Operation Moonshot: Mass testing could create ‘freedom pass’ to go about life as normal, Johnson says

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The current testing programme in the UK has faced considerable criticism for struggling to meet demand.

MASS TESTING COULD see people given a “freedom pass” to go about life as normal, safe in the knowledge they are not infectious with Covid-19, British Prime Minister Boris Johnson has said.

Expanding on plans for so-called Operation Moonshot, Johnson said that millions of people could be tested every day so they could “behave in a way that was exactly as in the world before Covid”.

Theatres and sports venues could test all audience members and let in those with a negative result, the Prime Minster said at a Downing Street briefing.

Trials with audience members are to be run in indoor and outdoor venues in Salford from next month, he said, with a hope to go nationwide.

“We’re hoping the ‘Moonshot’ approach will work and we will be able to deliver mass testing which will give people the freedom pass, the ‘laissez-passer’, the knowledge that they are not infectious and can hang out with other people who are not infectious in a pre-Covid way,” he said.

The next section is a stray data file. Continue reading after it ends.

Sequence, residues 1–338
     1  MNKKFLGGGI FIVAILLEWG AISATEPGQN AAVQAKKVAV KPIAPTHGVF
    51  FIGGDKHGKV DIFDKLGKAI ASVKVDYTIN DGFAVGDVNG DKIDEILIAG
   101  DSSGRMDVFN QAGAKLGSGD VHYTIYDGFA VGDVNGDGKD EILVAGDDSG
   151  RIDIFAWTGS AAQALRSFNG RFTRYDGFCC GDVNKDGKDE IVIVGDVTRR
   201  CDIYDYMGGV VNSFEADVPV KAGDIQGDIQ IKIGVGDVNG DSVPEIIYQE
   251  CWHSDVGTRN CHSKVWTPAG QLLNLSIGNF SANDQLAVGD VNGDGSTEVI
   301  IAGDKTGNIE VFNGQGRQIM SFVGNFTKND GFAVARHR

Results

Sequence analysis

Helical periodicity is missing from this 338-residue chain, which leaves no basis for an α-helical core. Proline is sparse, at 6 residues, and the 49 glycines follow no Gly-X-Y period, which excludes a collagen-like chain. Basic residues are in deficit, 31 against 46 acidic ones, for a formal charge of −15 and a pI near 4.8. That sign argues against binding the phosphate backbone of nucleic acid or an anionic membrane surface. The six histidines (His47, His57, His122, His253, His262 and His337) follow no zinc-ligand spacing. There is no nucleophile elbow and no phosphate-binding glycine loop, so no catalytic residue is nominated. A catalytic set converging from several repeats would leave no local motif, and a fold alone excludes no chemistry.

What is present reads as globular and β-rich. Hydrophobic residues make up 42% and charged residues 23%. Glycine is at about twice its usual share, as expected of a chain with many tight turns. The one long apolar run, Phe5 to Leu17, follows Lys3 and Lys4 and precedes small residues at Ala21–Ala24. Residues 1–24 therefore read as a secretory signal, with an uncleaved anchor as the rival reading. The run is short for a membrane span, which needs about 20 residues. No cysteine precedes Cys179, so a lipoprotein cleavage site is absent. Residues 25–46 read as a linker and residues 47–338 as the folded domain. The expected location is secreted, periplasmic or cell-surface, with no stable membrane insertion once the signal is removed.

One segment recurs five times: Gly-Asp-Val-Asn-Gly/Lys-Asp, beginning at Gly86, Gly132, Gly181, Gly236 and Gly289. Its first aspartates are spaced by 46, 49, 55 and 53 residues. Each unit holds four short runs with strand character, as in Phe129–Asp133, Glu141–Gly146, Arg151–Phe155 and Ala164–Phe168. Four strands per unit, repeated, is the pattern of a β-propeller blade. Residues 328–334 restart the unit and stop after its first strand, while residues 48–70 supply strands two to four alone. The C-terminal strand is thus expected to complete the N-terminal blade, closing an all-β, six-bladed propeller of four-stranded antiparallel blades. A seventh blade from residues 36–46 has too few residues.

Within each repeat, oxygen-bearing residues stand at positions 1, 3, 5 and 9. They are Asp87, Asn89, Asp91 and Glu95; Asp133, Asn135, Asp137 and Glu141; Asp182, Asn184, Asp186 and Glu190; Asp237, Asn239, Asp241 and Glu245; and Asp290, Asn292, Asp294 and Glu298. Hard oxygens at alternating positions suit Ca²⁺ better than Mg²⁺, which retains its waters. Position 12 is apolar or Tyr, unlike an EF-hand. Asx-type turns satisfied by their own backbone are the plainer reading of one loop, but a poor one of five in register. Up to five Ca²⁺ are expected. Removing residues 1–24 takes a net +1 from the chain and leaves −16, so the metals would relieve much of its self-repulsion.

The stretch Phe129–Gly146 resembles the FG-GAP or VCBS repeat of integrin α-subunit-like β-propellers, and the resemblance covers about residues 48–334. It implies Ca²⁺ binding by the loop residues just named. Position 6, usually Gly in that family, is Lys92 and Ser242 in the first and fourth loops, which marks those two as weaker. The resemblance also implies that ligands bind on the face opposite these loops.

But the proposals come as the current testing programme faced considerable criticism for struggling to meet demand.

Many people who tried to access a test today were met with the error message telling them to try again and warning them not call the helplines.

And yesterday the NHS Test and Trace director of testing apologised to people who were unable to get a test.

The mass testing proposals were outlined as the Prime Minister, the Health Secretary and England’s chief medical officer all implored people not to get a test if they did not need one.

Professor Chris Whitty admitted there were “constraints” in the system, adding: “It’s critical that those who do need to be tested, and in particular people with symptoms or people who have been told to for a variety of reasons, social care working for example, get tested.

“But it is also important that people who really don’t have a clear clinical indication currently don’t (get tested) because we do still have constraints.

“Those constraints are not just going to magically disappear, and the demand on testing has increased.”

Matt Hancock said there had been an increase in people seeking tests when they have not got symptoms of Covid-19.

Johnson also reiterated the plea: “If you don’t have symptoms, and you haven’t been asked to book a test, please don’t.”